Bloomberg is reporting Bernanke Urges Action to Slow Jump in U.S. Home Foreclosures.

Bernanke, in a speech in New York yesterday, also reiterated his call for lenders to forgive portions of mortgages for some struggling homeowners. He said proposals should be “tightly targeted” at borrowers at greatest risk of losing their properties, and avoid providing an incentive for defaults.

“Realistic public and private-sector policies must take into account the fact that traditional foreclosure-avoidance strategies may not always work well in the current environment,” Bernanke said in remarks to a Columbia Business School dinner.

My Comment: May not always work well or almost never work well?

Treasury Secretary Henry Paulson met with some of the largest mortgage servicers, including JPMorgan Chase & Co. and Citigroup Inc., on April 23 to consider ways to expand the scope of the Hope Now Alliance, a voluntary industry-led initiative he helped set up to reach more struggling borrowers and help modify their mortgages.

My Comment: I proclaimed Hope Now DOA back in December 2007 in Hope Is Now a Sucker Trap with a followup in “Wedding” Invitations Worth Refusing. It will remain dead. Nothing can put life into that turkey of a plan.

Last week, Federal Deposit Insurance Corp. Chairman Sheila Bair proposed that Congress authorize the Treasury Department to make loans to homeowners to help pay down as much as 20 percent of their mortgage principal.

My Comment: Why stop there? Why not give everyone a free house?

Bernanke also reiterated his call for a stronger role for Fannie Mae and Freddie Mac, the government-chartered companies that are the biggest sources of money for U.S. mortgages, to ease the crisis.

It’s an “especially appropriate time” for Fannie Mae and Freddie Mac to “move quickly to raise significant new capital” to aid the housing market, he said.

My Comment: Is Bernanke really that dense? Raising capital to “aid” the housing market is asking for shareholder dilution to give away handouts. Who wants to contribute to that?

“In some cases, when the source of the problem is a decline of the value of the home well below the mortgage’s principal balance, the best solution may be a writedown of principal or other permanent modification of the loan,” Bernanke said.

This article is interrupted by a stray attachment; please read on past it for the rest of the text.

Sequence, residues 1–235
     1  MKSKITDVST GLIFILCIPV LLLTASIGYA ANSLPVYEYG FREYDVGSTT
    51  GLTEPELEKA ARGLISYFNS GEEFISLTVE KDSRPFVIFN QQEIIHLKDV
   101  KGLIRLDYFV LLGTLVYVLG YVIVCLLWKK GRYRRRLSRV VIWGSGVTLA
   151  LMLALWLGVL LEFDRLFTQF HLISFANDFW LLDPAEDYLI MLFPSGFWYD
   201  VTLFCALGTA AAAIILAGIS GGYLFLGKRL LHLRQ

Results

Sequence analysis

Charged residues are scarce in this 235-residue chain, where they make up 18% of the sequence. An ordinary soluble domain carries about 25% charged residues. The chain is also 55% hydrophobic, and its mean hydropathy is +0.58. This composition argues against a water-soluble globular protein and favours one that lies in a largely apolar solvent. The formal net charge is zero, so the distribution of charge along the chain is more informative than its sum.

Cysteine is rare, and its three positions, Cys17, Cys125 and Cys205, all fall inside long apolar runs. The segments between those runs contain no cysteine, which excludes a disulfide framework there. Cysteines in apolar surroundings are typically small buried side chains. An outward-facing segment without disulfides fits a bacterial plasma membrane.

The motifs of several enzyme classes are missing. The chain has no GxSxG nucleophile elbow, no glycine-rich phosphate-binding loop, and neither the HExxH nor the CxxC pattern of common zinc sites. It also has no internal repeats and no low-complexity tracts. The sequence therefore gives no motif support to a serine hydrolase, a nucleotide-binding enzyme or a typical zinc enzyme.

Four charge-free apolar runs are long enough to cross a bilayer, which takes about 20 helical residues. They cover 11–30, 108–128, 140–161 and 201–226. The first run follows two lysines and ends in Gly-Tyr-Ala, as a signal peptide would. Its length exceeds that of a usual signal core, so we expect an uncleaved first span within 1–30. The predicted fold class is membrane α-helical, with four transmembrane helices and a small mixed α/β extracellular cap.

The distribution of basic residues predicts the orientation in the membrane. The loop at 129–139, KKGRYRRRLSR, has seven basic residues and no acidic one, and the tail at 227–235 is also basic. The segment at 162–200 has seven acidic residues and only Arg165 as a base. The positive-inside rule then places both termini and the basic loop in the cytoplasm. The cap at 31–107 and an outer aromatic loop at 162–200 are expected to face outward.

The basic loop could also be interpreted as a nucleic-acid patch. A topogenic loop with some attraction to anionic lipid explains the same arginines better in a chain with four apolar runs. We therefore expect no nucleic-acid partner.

One option would be for the FHA to refinance a loan after the lender or investor forgives part of the mortgage, he said.

Bernanke warned that “to be effective, such programs must be tightly targeted to borrowers at the highest risk of foreclosure.” Qualification guidelines could be set, such as identifying an amount of debt compared with income, or the extent to which the home value is below the mortgage amount, he indicated.

My Comment: This socialistic proposal is truly sickening. The redeeming feature is it may never get off the ground. Banks are so capital impaired they are not in a position to write down a huge chunk of mortgage debt. There are other non-trivial issues as well, such as no incentive for second lien holders to go along with the plan, and a securitization process that makes getting approvals from all lien holders difficult.

“Finding the right balance — particularly the need to avoid programs that give borrowers who can make their payments an incentive to default — is difficult,” the Fed chairman said.

My Comment: Finding the right balance is not difficult, it’s impossible. It’s a fool’s mission that should not even be on the table for discussion.

Geographic Variation in Loan Mortgage Performance

Ben Bernanke gave a speech on May 5, on Mortgage Delinquencies and Foreclosures.

As my listeners know, conditions in mortgage markets remain quite difficult, and mortgage delinquencies have climbed steeply. The sharpest increases have been among subprime mortgages, particularly those with adjustable interest rates: About one quarter of subprime adjustable-rate mortgages are currently 90 days or more delinquent or in foreclosure.1 Delinquency rates also have increased in the prime and near-prime segments of the mortgage market, although not nearly so much as in the subprime sector. As a consequence of rising delinquencies, foreclosure proceedings were initiated on some 1.5 million U.S. homes during 2007, up 53 percent from 2006, and the rate of foreclosure starts looks likely to be yet higher in 2008.

On the principle that a picture is worth a thousand words, Federal Reserve staff, using detailed, county-by-county information on mortgage performance, have developed a series of “heat maps,” which summarize the incidence of serious mortgage delinquencies across the nation as well as some of the key drivers of loan performance. As the examples will make clear, the figures use warmer colors–orange and red–to show counties for which the factor being considered has a higher value or change. Lower values or changes are indicated by cooler colors–shades of green–and yellows indicate areas where the factor under consideration has a moderate value or change.

Mortgage Delinquency Levels By County

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Change In Mortgage Delinquency Levels By County

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Change In House Price Index By County

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Non-Owner-Occupied Purchases By County

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Figure 5 is way understated because it is using OFHEO data not Case-Shiller Data. See
Case-Shiller Shows Steep Declines In Home Prices for more information.

Figure 6 is understated by the amount of flipper liars saying they intended to live in the house to get a better mortgage rate.

Mike “Mish” Shedlock
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